King: Well, what I said in a tweet after all that discussion started was I didn’t care what color he was, as long as he could command the screen, draw fast and shoot straight. So it doesn’t make any difference to me, because I don’t even really see people when I’m writing because if I’m writing about a character, I’m behind their eyes, you know? Unless they walk by a mirror or something, I don’t even really see what they look like. But what really sort of made it an issue in my mind, when they cast Idris as Roland was, all of those books were illustrated to start with, those Grant novels were all illustrated. And in all those pictures, Roland is a white guy, and I never thought about that one way or another. But obviously, that became part of the mindset. But you know, it’s weird, isn’t it? Why shouldn’t he be black? Why couldn’t he be a black guy to do this? It’s like, you know what’s weirder than that? You see this show “Game of Thrones” and Westeros, they’re all British. They’re all British. I mean, Westeros is basically England, right? And nobody ever questions that. So I mean, to me, the idea that a black man would play Roland is minor compared to that.

CS: Do you hope he has a hat in the next movie?

King: It’s funny, isn’t it? Trade secret, in a lot of the pictures, not only is he white, he’s wearing a hat in most of those pictures. And I talked to the producers of the movie about that. And they said that in Western movies where the main character wears a hat don’t do well at the box office. And I said, “Really? Well, Denzel wore a hat all the way through ‘The Magnificent Seven.’ And that did pretty good at the box office.” But they don’t pay attention to that.

CS: A lot of this movie takes place on Keystone Earth, so it would be kind of silly if he was walking around New York looking like Crocodile Dundee.

King: Oh, I don’t know. I mean, have you been to New York lately? (laughs) I mean, they have a guy in Times Square that’s called the Naked Cowboy.

CS: Do you think you’ll ever go back to this world, fill in more of Roland’s backstory, write another “Dark Tower” book?

King: I’ve thought a lot about those characters in the last year or so, because they were making this movie. Actually, the last two or three years, because I had a lot of meetings with Ron Howard, who’s one of the producers and was very instrumental in bringing it to the screen. So I thought about them a lot then. I thought about them again when I did the “The Wind Through the Keyhole,” which was kind of a postscript to the books. And the funny thing about it is, I’m usually all about the next thing. And that’s why, you know, somebody was asking me at dinner, “Are you all bound up in the success or failure of this movie and the other movie?” And the answer is, no. The books are there. The books are done. And that’s sort of where my focus is. But when you do come back to them, like I don’t know. I wrote “The Gunslinger” around 1970, and years went by. I mean, it was after “Pet Sematary” that I wrote the second one, because people asked for it. And then, a couple of more years later, the third one. And then, there was a long stall out.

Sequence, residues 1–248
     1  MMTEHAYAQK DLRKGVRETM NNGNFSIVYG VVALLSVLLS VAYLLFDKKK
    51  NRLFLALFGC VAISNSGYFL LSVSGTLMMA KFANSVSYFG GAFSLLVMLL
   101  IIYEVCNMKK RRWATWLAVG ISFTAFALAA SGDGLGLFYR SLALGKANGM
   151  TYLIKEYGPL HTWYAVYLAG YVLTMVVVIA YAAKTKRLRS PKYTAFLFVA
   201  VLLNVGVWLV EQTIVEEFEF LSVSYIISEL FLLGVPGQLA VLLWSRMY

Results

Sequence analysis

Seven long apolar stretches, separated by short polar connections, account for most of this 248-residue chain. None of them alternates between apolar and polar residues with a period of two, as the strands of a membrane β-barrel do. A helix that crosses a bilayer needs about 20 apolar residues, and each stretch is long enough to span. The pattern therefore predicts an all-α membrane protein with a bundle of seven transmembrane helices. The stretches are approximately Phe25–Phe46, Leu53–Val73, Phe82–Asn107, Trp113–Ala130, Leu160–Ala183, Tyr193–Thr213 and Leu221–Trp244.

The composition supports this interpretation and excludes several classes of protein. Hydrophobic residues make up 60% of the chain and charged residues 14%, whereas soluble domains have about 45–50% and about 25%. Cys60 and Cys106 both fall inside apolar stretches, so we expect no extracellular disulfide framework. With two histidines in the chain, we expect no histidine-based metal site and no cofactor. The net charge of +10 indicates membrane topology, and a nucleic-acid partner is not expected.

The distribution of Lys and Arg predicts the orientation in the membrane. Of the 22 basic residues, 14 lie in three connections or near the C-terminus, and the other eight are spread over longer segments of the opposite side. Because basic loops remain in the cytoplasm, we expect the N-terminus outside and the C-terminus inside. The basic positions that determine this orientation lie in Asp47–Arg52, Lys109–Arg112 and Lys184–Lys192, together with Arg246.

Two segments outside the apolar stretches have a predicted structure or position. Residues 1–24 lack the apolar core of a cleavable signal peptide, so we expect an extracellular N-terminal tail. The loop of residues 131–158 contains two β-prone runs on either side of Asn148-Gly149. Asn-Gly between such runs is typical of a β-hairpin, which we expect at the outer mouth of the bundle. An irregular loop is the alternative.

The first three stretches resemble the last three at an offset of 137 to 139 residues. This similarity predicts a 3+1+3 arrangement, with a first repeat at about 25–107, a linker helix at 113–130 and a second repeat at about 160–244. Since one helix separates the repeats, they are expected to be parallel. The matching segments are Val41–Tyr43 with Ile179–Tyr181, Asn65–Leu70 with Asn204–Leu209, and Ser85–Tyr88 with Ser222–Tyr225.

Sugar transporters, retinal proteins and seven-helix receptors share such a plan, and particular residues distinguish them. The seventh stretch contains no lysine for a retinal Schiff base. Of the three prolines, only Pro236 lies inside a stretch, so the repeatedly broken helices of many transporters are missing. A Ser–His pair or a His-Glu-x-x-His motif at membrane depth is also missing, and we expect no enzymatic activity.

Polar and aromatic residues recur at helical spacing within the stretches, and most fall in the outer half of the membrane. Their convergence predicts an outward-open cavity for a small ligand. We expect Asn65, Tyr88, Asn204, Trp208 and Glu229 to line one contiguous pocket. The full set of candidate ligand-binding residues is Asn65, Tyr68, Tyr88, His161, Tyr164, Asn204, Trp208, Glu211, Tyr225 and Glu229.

darktower

CS: I remember.

King: And what I’m getting back to is every time that I came back, it was like meeting old friends, you know? And I picked up the story immediately and that was great. And I felt the same way. This is a plug for a wonderful TV series called “Mr. Mercedes” that’s going to start in about a week on DIRECTV Network. And you know, I wrote that book and there was this minor character whose name was Holly Gibney, who was at a funeral and Bill Hodges was supposed to comfort her. Bill Hodges is a cop. And she just walked in and stole a book. And sometimes, that happens with characters.

CS: Your character kind of admits in the sixth book you, yourself, that you lost an outline. Is that an actual story, is that a true story?

King: Yeah.

CS: You had a long outline for this?

King: I had an outline. It wasn’t particularly long, but it outlined the entire book, you know, the entire cycle of the books. And I did lose that. The only thing I can remember about it is it was written on a typewriter in the campus newspaper office at the University of Maine. It was one of these things that was built to receive teletype as well as type. So it had all capital letters. So I remember the outline, but I don’t know where it went. I don’t even know where the first draft of that book went.

CS: We were touring around today seeing all the sites that had inspired you. What inspires you these days? Has your response to fear or the things that draw fear out of you changed over the decades?